|perhaps because my site was in referer log for their category |
AFAIK, (regular) editors don't have access to those logs --and even if they did, they would probably not use them to search for new listing candidates!
|..... and sooner or later it will be worth being listed, but I don't want to get it penalized for resubmitting. |
This is perhaps where you're going wrong. Don't submit your site until it is worth listing. Wait until it's a no-brainer, then submit it.
Editors will generally not add a site on the basis that "sooner or later it will be a good site" - no matter how fast it's developing.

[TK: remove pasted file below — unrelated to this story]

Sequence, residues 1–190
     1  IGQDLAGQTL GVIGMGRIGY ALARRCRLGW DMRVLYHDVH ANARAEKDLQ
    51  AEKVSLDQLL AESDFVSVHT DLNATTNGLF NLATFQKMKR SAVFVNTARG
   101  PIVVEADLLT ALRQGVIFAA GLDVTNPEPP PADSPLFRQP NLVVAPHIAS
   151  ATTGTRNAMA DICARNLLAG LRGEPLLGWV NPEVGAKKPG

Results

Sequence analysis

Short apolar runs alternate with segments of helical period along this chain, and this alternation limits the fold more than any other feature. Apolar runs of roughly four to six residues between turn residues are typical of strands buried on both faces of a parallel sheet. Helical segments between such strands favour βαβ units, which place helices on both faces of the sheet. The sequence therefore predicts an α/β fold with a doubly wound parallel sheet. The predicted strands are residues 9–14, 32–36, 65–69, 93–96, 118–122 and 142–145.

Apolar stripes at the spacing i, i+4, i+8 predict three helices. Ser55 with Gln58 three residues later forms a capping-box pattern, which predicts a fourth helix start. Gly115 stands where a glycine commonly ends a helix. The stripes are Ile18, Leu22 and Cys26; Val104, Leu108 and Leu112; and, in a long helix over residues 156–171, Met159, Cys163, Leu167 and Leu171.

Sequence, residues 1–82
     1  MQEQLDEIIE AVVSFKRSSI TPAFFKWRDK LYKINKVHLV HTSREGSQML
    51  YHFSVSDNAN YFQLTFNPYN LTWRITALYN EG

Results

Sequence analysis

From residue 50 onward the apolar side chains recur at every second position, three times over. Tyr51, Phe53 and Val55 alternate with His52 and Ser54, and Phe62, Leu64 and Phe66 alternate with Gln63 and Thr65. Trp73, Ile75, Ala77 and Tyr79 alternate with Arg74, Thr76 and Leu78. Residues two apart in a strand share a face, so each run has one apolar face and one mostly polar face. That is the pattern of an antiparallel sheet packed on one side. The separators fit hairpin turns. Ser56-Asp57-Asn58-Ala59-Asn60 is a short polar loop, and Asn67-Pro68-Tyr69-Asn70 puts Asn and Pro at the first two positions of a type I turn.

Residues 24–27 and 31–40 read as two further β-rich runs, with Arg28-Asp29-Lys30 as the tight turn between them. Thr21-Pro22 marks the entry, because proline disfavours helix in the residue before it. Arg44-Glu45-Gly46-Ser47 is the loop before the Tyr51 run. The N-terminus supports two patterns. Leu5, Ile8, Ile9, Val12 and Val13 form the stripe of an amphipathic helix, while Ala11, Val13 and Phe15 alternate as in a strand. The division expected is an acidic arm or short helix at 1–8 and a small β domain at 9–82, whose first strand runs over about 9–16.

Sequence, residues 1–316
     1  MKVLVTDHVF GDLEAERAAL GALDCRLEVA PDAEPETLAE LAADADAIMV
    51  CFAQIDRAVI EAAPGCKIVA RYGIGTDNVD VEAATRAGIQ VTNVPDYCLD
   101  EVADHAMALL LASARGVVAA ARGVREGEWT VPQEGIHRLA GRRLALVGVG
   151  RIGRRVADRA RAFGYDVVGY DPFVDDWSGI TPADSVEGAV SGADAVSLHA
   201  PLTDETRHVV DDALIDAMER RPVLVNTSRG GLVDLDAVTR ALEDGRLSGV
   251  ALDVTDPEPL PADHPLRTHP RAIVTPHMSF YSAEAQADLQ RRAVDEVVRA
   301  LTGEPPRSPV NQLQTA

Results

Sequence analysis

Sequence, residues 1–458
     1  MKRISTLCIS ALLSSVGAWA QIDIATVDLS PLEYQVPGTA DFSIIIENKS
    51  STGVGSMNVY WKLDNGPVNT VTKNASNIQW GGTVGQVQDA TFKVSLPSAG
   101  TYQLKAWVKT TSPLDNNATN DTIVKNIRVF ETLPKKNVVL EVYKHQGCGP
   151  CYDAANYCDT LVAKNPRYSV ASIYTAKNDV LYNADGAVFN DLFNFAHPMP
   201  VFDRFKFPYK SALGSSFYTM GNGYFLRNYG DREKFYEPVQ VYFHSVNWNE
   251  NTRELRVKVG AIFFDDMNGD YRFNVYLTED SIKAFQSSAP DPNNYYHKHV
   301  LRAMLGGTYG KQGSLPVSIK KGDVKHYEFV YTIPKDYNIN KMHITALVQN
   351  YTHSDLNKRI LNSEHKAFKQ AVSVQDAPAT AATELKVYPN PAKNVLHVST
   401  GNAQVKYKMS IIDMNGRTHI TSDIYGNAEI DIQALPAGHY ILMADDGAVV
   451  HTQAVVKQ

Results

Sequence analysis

Yes, I'd hold off on submitting it until it actually has enough unique quality content for a listing. I know that it can be frustrating not knowing whether a review is going to occur within eight days or eight months, but if the site is reviewed while it's still under construction it won't be listed anyway, so you're not actually losing anything by waiting until the site is finished to submit it. If you've already submitted it a few times in an unfinished state, then when it finally is finished, you should definitely call attention to that fact in the submission, so it isn't overlooked.
> I've never had to wait more than 4 or 5 weeks.
> I don't know whether I'm just lucky, or if it's
> because I submit appropriate sites to the right
> category and within the guidelines
I think that there is not a rule.
I ever submitted appropriate sites to the right category and within the guidelines ( perfect title and description).